The subtle balance of contributions to the free energy that determines different structural arrangements is clear from the PXRD diffraction data for the shorter alkyl chain lengths where a richer phase behaviour is observed. An interesting example is the incommensurate phase observed for C12TAB at a lower temperature than the transition to the rotational disordered phase. For C10TAB, an additional rotator phase with a different ionic head group arrangement was observed. DSC data hint at other subtle phase transitions that are not obvious from diffraction data but were seen by chance in PXRD data, e.g. the re-entrant phase transition in C10TAB. This demonstrates the challenges in interpreting variable temperature PXRD data correctly and the difficulties in computer modelling both the structure and dynamics of surfactants. The shorter length alkyl-chain surfactants C8TAB and C6TAB will be the subject of a further paper.


We report here for the first time novel structures of C10TAB and C18TAB plus new low- and high-temperature structures for C12TAB, C14TAB, and C16TAB. This work clarifies the rich phase behaviour of the CnTAB surfactants and identifies several common features of all the materials investigated. Although there are similarities, transitions from phase III to II occur at different temperatures depending on the chain length. This explains in part the various structures described, often incorrectly, in the literature (see Section S6 of the ESI). We can now confirm that the previous report on C14TAB and C16TAB at room temperature by Norbert et al.29 correctly identified the doubled unit cell and symmetry for phase III; correct room-temperature structures were reported for phase II of C12TAB in 1983,30 for phase III of C16TAB in 1986,31 and for phase III of C14TAB in 2003.32 No evidence of polymorphs of C16TAB was observed contrary to earlier reports33 and pitfalls in the SXD analysis of CnTAB are pointed out (see Section S5 of the ESI).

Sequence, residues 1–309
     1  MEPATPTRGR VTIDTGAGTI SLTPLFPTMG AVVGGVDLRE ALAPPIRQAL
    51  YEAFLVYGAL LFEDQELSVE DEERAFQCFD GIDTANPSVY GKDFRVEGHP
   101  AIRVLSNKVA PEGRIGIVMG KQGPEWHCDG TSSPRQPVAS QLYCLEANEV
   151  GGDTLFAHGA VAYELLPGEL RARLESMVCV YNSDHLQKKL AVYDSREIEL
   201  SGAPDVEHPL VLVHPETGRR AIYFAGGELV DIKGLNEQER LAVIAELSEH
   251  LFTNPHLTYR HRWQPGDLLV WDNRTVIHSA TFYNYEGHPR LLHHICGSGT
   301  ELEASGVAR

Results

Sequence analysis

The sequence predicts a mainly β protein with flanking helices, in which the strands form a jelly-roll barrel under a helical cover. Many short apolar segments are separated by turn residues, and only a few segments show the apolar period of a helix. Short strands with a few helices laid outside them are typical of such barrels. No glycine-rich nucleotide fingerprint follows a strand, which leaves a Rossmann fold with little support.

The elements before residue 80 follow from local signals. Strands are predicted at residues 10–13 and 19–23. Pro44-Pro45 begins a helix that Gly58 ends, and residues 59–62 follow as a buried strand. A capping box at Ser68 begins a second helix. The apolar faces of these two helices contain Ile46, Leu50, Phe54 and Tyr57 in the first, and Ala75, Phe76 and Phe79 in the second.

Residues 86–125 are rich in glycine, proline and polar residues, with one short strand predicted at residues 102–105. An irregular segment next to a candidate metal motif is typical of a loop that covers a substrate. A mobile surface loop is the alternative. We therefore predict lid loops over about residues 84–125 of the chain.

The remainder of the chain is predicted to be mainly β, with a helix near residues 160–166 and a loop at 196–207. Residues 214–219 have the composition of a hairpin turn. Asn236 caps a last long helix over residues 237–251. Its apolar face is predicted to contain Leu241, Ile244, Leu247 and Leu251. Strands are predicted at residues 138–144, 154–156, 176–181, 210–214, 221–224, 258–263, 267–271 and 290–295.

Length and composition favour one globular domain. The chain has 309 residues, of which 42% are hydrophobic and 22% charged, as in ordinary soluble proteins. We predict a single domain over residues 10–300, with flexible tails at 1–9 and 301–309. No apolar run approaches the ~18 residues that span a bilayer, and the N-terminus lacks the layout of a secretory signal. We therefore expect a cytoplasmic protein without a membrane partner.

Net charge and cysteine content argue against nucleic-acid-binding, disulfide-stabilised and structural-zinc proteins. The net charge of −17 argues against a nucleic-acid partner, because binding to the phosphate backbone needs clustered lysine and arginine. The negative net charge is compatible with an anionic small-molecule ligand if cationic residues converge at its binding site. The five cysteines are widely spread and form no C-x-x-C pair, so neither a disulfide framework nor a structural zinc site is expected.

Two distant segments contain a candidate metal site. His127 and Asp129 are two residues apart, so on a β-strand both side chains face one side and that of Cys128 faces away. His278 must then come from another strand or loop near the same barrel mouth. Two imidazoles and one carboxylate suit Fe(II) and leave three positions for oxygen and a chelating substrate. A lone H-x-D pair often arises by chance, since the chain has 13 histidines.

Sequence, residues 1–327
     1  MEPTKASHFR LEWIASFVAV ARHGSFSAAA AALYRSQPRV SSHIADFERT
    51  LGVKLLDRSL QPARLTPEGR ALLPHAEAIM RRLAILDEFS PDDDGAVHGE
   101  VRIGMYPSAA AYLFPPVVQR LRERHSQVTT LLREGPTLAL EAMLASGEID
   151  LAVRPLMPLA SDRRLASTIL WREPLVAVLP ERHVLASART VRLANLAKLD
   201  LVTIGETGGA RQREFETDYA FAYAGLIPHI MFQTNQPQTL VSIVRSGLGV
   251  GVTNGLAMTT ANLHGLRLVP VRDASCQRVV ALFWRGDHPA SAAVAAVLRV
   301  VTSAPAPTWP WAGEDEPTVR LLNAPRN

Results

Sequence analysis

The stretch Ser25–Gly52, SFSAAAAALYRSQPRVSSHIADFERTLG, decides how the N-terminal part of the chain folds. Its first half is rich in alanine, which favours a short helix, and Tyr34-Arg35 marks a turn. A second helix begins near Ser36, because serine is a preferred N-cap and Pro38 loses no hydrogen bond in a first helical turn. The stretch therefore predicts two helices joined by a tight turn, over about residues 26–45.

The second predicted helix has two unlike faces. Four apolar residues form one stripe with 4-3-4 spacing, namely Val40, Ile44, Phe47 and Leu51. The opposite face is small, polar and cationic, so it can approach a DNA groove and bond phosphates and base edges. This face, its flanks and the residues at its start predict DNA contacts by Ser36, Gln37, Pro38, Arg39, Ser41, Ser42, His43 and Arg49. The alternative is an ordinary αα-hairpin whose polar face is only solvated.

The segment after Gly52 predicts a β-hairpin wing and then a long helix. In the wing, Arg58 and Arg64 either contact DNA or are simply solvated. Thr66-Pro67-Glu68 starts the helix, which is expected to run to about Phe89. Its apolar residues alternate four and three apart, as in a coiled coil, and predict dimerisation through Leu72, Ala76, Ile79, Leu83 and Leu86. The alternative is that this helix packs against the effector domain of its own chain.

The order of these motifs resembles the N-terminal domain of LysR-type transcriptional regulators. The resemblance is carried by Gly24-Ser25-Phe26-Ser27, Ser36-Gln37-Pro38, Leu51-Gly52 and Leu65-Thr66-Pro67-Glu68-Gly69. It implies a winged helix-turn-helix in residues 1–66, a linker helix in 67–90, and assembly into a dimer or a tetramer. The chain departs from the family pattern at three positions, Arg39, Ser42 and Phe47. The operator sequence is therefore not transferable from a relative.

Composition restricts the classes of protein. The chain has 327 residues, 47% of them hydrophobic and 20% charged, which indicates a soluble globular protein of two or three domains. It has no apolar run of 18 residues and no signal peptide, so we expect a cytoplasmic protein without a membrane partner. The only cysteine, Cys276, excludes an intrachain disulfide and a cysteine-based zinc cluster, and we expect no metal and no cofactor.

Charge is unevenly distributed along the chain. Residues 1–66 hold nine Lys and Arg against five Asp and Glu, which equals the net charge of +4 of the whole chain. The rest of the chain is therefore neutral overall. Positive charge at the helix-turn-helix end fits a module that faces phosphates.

The structures that we have obtained for crystalline CnTAB provide an explanation for the observation that an interdigitated structure of the alkyl chains with hydrophilic groups that are strongly coordinated with counter-ions is often preferred, for example as identified previously for the structure of an adsorbed bilayer of C16TAB on a silica surface.16,34 The dominant influence determining the formation of such structures is the co-ordination of the cations with the bromide anions and together with the tilt of the alkyl chains to the plane of the ionic layer this explains the observed small thickness of adsorbed layers of these surfactants that has been discussed previously.35